One interesting insight is the relation between the average number of total interactions and the paid/unpaid status of the post (Figure 4, lower right). The resulting bar plot, with one standard deviation error bars, shows a nearly statistical separation between the average number of total interactions of paid ads versus unpaid ads, which suggests the greater visibility of the former.

## Model analysis #

The numerical, input data were normalized using the **StandardScaler** class, and the categorical, input data were one-hot encoded using the **OneHotEncoder** class, both from Scikit-Learn. For what concerns the output features, the distributions of the performance metrics contained many outliers. These are easily noticeable with a logarithmic standardized distribution plot of the performance metrics (Figure 3). A Shapiro-Wilk test of normality was performed to test the normality of the distribution of each performance metric. None of the performance metrics passed the test, which denotes a substantial lack of normality in the distributions of all of the performance metrics (for Shapiro statistics and p-values results see here). For the modeling, a threshold of 2 \(\sigma\) was used to remove the outliers of the performance metrics from the data.

Several machine learning algorithms were used to model the data: **Lasso**, **Random Forest Regressor**, **Ridge**, **Stochastic Gradient Descent Regressor** and **Support Vector Regressor**. The root mean squared error (RMSE), the 1 \(\sigma\) standard deviation and the \(R^2\) were calculated for all of the models on each performance metric. The RMSE was calculated from the 10-fold cross validation, using the **cross_val_score** method and the *neg_mean_squared_error* scoring parameter. The \(R^2\) was calculated in the same manner but using the *r2* scoring parameter.

The stochastic gradient descent regressor achieves the best root mean square error for the `Lifetime post impressions by people who have liked your page`

metric. It was just marginally better than the other machine learning algorithms for this particular feature. However, many of the performance metrics tend to overlap at the 1 \(\sigma\) error bar level. The results of the stochastic gradient descent regressor model calculated against all of the performance metric features are listed in Table 1.

In order to understand if the stochastic gradient descent regressor model can achieve any predictive performance, the \(R^2\) was calculated. It is listed in the last column of Table 1, and its low values reveals the poor predictive performance of the model. Due to the very low values of the \(R^2\), I have avoided any further model calculations of feature importance or permutation importance. It appears that the removal of the data present in the original data set hinders the possibility of improving the model.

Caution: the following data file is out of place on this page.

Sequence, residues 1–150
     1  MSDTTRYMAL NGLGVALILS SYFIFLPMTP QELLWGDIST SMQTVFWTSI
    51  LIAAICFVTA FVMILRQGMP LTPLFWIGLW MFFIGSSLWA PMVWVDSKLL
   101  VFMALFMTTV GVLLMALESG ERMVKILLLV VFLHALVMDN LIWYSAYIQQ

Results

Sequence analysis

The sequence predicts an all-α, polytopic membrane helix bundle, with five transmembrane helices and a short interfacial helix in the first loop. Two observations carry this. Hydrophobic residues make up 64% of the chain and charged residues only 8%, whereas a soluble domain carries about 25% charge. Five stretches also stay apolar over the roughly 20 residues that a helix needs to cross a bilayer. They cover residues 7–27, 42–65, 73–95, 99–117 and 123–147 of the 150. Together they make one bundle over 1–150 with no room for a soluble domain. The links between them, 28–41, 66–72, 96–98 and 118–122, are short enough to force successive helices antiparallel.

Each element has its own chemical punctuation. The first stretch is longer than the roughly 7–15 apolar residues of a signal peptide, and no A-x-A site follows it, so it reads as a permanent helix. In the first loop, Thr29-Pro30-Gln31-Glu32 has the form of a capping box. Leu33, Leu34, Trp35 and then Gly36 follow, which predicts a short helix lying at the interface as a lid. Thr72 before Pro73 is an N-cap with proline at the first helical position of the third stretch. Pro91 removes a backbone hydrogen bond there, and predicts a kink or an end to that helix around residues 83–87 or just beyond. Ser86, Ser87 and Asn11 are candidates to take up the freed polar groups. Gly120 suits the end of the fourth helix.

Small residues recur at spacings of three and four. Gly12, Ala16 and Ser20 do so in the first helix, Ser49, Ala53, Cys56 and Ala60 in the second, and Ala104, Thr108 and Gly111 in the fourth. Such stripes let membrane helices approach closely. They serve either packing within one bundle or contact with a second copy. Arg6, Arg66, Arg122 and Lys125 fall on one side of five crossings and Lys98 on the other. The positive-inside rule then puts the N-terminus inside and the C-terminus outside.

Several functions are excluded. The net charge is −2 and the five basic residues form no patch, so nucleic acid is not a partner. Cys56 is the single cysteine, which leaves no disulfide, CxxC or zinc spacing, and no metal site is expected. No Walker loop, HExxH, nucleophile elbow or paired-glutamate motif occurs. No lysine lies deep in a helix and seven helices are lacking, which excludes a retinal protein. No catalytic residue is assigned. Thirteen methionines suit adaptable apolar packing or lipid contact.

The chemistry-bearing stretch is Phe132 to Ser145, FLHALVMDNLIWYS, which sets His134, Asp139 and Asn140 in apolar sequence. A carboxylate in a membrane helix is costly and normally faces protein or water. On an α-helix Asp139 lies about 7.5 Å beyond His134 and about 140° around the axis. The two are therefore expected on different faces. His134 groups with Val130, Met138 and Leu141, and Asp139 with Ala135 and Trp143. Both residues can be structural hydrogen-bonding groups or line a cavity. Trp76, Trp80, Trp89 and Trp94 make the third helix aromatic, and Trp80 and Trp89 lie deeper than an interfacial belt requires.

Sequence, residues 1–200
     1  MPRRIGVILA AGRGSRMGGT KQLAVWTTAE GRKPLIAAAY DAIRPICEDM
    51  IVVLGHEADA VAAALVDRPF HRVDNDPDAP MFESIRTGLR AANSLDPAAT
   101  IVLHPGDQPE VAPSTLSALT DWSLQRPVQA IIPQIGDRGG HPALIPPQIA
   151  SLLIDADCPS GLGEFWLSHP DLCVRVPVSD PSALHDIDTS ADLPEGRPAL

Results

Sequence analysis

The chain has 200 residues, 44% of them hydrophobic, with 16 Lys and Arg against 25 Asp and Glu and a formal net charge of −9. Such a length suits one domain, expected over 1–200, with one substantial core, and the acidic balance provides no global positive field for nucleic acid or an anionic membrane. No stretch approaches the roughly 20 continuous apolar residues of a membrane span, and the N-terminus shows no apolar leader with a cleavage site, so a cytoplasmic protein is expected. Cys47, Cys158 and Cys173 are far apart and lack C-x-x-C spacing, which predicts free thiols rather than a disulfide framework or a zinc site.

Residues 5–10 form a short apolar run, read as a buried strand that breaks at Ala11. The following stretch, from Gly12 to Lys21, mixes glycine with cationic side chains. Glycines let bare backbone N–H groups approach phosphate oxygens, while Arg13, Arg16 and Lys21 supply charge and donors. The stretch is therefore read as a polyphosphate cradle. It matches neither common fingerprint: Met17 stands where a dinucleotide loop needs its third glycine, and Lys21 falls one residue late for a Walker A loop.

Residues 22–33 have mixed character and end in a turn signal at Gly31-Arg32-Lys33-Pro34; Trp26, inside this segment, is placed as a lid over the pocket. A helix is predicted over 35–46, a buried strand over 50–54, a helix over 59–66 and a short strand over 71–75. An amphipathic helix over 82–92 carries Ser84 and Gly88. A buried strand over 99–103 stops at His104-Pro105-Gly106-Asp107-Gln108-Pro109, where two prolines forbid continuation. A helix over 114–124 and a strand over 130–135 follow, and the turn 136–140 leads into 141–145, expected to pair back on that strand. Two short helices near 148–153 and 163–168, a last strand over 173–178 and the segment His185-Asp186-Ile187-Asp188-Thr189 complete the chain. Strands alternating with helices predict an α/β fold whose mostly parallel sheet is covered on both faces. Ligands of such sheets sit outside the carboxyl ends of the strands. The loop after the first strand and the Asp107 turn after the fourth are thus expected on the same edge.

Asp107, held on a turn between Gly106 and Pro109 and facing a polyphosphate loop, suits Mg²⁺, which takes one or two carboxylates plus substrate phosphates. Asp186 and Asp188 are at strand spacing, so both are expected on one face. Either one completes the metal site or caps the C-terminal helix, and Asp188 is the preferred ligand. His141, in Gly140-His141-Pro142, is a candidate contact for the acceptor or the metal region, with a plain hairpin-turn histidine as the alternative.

Performance metric | RMSE | SD \((\sigma)\) | Error (%) | \(R^2\) |
---|---|---|---|---|

Lifetime post impressions by people who have liked your page | 0.232 | 0.046 | 19.849 | 0.042 |

Comments | 0.339 | 0.056 | 16.442 | -0.040 |

Lifetime post total impressions | 0.371 | 0.069 | 18.613 | 0.033 |

Total Interactions | 0.442 | 0.067 | 15.239 | -0.018 |

Like | 0.447 | 0.070 | 15.623 | -0.017 |

Share | 0.473 | 0.062 | 13.112 | -0.051 |

Lifetime post consumptions | 0.487 | 0.124 | 25.520 | 0.075 |

Lifetime post total reach | 0.560 | 0.081 | 14.414 | 0.040 |

Lifetime post consumers | 0.580 | 0.146 | 25.131 | 0.064 |

Lifetime engaged users | 0.609 | 0.143 | 23.435 | -0.036 |

Lifetime people who have liked your page and engaged with your post | 0.630 | 0.139 | 22.063 | 0.088 |

Lifetime post reach by people who like your page | 0.695 | 0.100 | 14.416 | 0.065 |

## Conclusions #

An effort was made to analyze the data set and to create a machine learning model to discover the features that are primarily responsible for model prediction. Unfortunately, from the low \(R^2\) of model used for the analysis, there doesn’t seem to be any predictive performance in the model. Consequently, no further investigation into feature importance or permutation importance was attempted. However from the exploratory data analysis, we can notice some insights into the average number of total interactions and the number of posts over the hours of the day, the days of the week and the months of the year.

You are more than welcome to take a look at the code in my GitHub repository. For the analysis, the following software packages were used: Scikit-Learn (version 1.2.2), pandas (version 1.5.3), matplotlib (version 3.7.1) and NumPy (version 1.24.2).

**UPDATE (2023-03-27)**: I’ve updated the analysis by using logarithmic standardized performance metrics, using the latest version of Scikit-Learn (version 1.2.2) as listed above.